Review: Dumb Money — Movies for the Rest of Us with Bill Newcott

Dumb Money tells the story of the basement investment blogger behind the 2021 GameStop stock rally.

Dumb Money (Claire Folger/Columbia/Sony Pictures/TIFF)

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Dumb Money

⭐️ ⭐️ ⭐️ ⭐️

Rating: R

Run Time: 1 hour 45 minutes

Stars: Paul Dano, Pete Davidson, America Ferrera, Nick Offerman, Seth Rogen, Shailene Woodley

Writers: Lauren Schuker Blum, Rebecca Angelo, Ben Mezrich

Director: Craig Gillespie

Reviewed at the Toronto International Film Festival


Maybe you’re like me: When the characters in finance-driven movies like Dumb Money (and Wall Street, and The Big Short) start talking about yield curve inversions and gamma squeezes, your eyes glaze over and you mutter, “Yeah, I don’t get it. Just tell me if that’s a good thing or a bad thing.”

This is why, in our house, my wife handles the bills.

Incapable of discerning the language spoken by the characters in these films, I turn to reading their eyes: Are they are widening in excitement or are they narrowing in suspicion? I listen to the intonation of their expletives, knowing full well any given profanity may be delivered in triumph or in agony.

Happily, if the movie is a good one, if I’m invested in the characters, clues like that are all I really need. Such is the case with Dumb Money, the story of the basement investment blogger behind the 2021 GameStop stock rally, which accomplishes its Money-For-Dummies-Like-Me mission admirably.

Paul Dano stars as Keith Gill, the deer-in-the-headlights YouTube celebrity who, in the depths of the COVID-19 pandemic, led millions of small investors as they digitally stormed the walls of Wall Street, changing forever (maybe) the notorious practice of stock market short selling.

In the late 20-teens, Gill, while working for a large Boston investment firm, noticed that large finance companies were undervaluing GameStop, the venerable shopping mall video game store.

The Wall Street wizards were doing something called short selling, which numerous people have patiently attempted to explain to me, but which always ends up sounding like a cattle auctioneer on amphetamines. Bottom line, far as I can tell: While “good” investors make money by building up companies and benefitting everybody, short sellers only benefit if a stock’s price is driven into the ground. Don’t ask me how that happens. All I know is, “short selling” is finance movie shorthand for “evil.”

Short selling is also a risky business. In the case of short selling GameStop, the Wall Street suits failed to reckon on Gill, who saw continued value in the store and told his thousands of web followers he was going to invest heavily in it. They followed suit, and those penthouse vultures never knew what hit them.

Director Craig Gillespie is a master of the outsider movie (Lars and the Real Girl; I, Tonya; Cruella), and in Dumb Money, he is set loose on an era when just about everyone was, in essence, on their own. Smothering under the blanket of COVID, the characters in Dumb Money ride empty buses and wander abandoned shopping malls, all the time hidden behind masks, morphing into latter-day Wild West desperadoes.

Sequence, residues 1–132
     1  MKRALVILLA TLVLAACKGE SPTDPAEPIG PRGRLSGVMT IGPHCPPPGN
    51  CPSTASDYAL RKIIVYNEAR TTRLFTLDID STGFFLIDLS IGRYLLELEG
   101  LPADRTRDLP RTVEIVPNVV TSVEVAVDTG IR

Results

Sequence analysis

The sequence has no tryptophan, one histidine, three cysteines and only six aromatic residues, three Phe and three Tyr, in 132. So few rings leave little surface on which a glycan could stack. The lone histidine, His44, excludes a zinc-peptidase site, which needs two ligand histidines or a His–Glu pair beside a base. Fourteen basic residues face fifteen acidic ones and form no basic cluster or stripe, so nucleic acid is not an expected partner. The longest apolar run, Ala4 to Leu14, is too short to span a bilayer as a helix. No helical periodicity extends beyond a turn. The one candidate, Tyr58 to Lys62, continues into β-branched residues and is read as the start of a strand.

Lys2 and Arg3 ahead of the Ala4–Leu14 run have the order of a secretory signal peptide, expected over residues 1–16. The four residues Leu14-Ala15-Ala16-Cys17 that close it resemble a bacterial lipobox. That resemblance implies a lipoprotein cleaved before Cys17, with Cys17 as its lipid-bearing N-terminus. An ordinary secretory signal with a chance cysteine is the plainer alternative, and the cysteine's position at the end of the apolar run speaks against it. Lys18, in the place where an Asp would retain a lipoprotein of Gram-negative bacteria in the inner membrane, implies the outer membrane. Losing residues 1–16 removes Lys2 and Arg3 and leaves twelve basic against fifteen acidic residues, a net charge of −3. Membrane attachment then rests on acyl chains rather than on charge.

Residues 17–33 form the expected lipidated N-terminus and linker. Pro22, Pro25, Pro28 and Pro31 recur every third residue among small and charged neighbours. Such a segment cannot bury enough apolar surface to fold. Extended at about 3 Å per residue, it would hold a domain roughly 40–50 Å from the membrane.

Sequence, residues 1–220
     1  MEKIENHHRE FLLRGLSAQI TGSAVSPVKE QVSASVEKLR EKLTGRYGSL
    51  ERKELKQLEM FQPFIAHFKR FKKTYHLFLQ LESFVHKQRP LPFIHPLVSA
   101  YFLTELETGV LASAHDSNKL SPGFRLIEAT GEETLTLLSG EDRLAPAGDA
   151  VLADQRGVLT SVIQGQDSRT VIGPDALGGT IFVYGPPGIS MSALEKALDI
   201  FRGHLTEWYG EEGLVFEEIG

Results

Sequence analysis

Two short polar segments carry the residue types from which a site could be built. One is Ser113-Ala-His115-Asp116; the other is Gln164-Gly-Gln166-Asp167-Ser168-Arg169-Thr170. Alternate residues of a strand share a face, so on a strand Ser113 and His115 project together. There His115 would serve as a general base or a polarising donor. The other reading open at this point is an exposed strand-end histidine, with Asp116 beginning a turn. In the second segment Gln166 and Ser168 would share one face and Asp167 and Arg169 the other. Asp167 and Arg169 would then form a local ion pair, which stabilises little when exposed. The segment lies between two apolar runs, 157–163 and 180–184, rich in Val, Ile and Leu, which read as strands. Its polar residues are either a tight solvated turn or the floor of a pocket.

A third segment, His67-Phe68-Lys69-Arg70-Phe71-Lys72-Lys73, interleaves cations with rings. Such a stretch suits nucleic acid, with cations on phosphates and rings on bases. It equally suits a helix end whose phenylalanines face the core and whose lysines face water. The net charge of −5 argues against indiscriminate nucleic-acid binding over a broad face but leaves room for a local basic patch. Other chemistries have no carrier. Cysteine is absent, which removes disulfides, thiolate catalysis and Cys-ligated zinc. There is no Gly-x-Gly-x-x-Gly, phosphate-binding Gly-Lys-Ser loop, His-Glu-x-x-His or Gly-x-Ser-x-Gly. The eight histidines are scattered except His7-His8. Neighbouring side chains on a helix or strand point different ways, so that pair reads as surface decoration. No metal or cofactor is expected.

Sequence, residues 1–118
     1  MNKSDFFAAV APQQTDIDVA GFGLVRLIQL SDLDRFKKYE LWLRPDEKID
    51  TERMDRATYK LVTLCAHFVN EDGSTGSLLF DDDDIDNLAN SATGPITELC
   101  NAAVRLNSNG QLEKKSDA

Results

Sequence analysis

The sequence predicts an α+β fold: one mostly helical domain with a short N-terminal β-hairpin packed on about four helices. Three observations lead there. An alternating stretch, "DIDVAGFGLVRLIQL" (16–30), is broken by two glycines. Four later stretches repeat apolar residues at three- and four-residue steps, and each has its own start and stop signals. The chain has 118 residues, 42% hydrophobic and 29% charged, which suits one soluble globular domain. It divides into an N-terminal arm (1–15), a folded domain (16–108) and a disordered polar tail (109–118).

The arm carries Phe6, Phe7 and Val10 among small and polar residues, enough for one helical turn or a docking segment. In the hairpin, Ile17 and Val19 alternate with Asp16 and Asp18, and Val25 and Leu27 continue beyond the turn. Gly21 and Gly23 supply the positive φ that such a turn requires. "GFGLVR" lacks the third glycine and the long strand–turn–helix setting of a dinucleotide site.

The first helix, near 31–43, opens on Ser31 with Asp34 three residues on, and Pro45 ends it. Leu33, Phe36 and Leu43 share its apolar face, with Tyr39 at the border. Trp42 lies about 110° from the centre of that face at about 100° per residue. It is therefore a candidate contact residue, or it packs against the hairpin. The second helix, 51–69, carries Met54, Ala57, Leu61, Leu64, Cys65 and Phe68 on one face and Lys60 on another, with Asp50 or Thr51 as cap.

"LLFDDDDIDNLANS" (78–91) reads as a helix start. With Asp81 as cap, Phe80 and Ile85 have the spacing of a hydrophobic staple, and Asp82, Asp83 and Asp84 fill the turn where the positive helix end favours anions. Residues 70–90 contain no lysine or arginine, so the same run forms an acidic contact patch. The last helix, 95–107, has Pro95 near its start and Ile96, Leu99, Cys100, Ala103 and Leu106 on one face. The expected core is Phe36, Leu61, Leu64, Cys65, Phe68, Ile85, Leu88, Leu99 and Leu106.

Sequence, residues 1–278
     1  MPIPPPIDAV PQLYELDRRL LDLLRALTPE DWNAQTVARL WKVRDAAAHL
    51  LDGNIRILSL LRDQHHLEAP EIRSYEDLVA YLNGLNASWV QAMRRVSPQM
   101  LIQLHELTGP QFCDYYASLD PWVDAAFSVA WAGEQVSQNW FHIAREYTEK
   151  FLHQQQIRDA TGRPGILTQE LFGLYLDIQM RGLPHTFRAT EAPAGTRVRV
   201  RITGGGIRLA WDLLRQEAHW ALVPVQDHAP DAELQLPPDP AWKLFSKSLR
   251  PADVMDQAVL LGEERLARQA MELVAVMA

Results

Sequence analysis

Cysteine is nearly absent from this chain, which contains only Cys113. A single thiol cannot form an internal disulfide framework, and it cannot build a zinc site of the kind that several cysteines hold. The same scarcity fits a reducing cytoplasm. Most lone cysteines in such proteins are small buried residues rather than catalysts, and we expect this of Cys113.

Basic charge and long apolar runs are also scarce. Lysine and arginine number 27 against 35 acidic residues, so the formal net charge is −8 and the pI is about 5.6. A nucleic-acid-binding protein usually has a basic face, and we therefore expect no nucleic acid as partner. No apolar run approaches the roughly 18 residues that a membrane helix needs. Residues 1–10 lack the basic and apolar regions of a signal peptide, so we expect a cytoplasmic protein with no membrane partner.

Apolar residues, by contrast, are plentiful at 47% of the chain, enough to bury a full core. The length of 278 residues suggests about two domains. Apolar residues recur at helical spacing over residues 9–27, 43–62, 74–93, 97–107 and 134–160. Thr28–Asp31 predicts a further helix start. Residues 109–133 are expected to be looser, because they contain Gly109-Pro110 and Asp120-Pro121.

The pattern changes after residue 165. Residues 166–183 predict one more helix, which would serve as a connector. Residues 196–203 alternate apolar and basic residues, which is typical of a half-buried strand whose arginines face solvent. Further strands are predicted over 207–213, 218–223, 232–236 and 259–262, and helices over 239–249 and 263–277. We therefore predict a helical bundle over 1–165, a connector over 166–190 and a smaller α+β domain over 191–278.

For Gill’s isolated followers, the call to buy GameStop stock — and clip the wings of the Wall Street vultures — becomes a desperately needed show of common cause that just might, coincidentally, make them all rich.

Dano, with the face of a slimmed-down Pillsbury Doughboy, exudes a “what, me worry?” vibe that plays nicely against the escalating angst of Wall Street’s most notorious hedge fund managers (Vincent D’Onofrio and Nick Offerman). Seth Rogen strikes more sympathetic chords as financer Gabe Plotkin, largely because the film chooses to give Plotkin a human side, playing with his four children and commiserating with his wife (Olivia Thirlby) even as his investments unravel.

Gill, too, is assigned a rich family life: His wife, Caroline (Shailene Woodley), at first encourages her hubby to pursue his basement YouTube podcast as a way to blow off steam from his office frustrations. His doting parents (Clancy Brown and Kate Burton) and street-smart brother (Pete Davidson) are still reeling from the COVID-era death of a daughter and sister. While they all at times wonder if Gill might be a little crazy, never do they doubt his essential goodness.

Of course, Gill’s plan works only due to the commitment of his unseen followers, who refuse to sell even as they see their stock value first rise, then begin to fall as Wall Street engineers an underhanded counteroffensive. A gallery of appealing actors fills those ranks, particularly America Ferrera as a nurse who, despite mounting debt, stays the course.

For more than a century, Hollywood’s gallery of preferred villains has morphed with the times. But from that first flickering image of a black-coated landlord twirling his greedy mustache, big money men have remained the movies’ most constant bad guy.

Here he is again, pounding on keyboards instead of tenement doors. And here, as always, is the little guy, fighting back with wit and resourcefulness.

Anyone can understand that formula. Even me.

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